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ABSTRACT: The objective of the present study was to clarify the relationship between factors having an influence on obesity improvement programs and psychosocial factors from a more comprehensive point of view. We studied a total of 43 subjects with a body mass index (BMI) of 25 kg/m(2) or higher who wished to take part in an obesity improvement program and agreed to participate in the study. We conducted an obesity improvement program based on behavior change theories for three months and evaluated physical composition, mental health, social support, stress-coping and the like before intervention and immediately after completion of the program. The average weight showed a significant decrease from 69.0 ± 8.8 kg to 65.7 ± 8.7 kg before and after intervention (p<0.001), respectively. It was also shown that the presence or absence of chronic diseases, social support from a spouse and the decrease of avoidance stress coping were related to weight loss. The findings suggest that it will be further necessary to continue working on the need to enhance awareness about stress with a view to preventing occurrence of rebound after the end of weight loss programs and acquisition coping techniques, apart from the cooperation of attending doctors, strengthening of social support from family and friends and managing stress for the duration of the program.Journal of Rural Medicine 01/2010; 5(2):175-83. DOI:10.2185/jrm.5.175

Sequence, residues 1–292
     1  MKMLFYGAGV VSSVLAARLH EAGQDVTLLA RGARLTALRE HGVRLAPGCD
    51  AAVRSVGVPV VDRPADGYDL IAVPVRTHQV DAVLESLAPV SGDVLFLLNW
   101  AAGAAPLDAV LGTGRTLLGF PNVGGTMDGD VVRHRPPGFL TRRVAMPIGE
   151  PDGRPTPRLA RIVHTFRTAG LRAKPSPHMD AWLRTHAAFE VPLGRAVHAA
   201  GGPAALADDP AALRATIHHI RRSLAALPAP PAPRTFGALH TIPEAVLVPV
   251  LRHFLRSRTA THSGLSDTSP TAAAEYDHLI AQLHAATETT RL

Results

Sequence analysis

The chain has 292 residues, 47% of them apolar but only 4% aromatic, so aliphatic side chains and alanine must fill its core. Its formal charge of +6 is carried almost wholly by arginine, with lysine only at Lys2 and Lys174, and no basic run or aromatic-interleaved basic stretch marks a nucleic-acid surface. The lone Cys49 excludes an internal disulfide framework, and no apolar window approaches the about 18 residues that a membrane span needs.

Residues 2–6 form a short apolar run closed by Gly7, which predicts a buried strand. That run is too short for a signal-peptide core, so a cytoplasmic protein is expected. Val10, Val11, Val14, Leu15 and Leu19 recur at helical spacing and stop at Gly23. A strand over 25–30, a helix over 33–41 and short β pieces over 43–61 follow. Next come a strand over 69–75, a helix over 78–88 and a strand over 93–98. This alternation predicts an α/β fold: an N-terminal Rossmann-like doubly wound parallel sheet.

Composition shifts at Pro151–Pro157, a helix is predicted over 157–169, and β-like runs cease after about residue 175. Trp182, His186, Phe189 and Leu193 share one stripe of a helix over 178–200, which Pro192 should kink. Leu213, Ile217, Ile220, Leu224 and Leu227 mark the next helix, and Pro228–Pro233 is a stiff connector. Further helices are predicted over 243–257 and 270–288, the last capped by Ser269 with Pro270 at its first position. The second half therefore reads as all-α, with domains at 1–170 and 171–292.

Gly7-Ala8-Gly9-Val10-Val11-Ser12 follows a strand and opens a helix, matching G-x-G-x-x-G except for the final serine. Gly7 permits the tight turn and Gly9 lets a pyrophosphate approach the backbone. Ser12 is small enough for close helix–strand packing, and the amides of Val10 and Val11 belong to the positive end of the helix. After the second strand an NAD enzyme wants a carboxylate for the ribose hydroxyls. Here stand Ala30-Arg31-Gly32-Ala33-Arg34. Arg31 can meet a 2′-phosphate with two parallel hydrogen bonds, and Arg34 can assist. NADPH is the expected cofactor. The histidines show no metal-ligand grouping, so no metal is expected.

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ABSTRACT: Background. Measuring success of obesity interventions is critical. Several methods measure weight loss outcomes but there is no consensus on best practices. This systematic review evaluates relevant outcomes (weight loss, BMI, % body fat, and fat mass) to determine which might be the best indicator(s) of success. Methods. Eligible articles described adult weight loss interventions that included diet and physical activity and a measure of weight or BMI change and body composition change. Results. 28 full-text articles met inclusion criteria. Subjects, settings, intervention lengths, and intensities varied. All studies measured body weight (-2.9 to -17.3 kg), 9 studies measured BMI (-1.1 to -5.1 kg/m(2)), 20 studies measured % body fat (-0.7 to -10.2%), and 22 studies measured fat mass (-0.9 to -14.9 kg). All studies found agreement between weight or BMI and body fat mass or body fat % decreases, though there were discrepancies in degree of significance between measures. Conclusions. Nearly all weight or BMI and body composition measures agreed. Since body fat is the most metabolically harmful tissue type, it may be a more meaningful measure of health change. Future studies should consider primarily measuring % body fat, rather than or in addition to weight or BMI.Journal of nutrition and metabolism 01/2014; 2014:421423. DOI:10.1155/2014/421423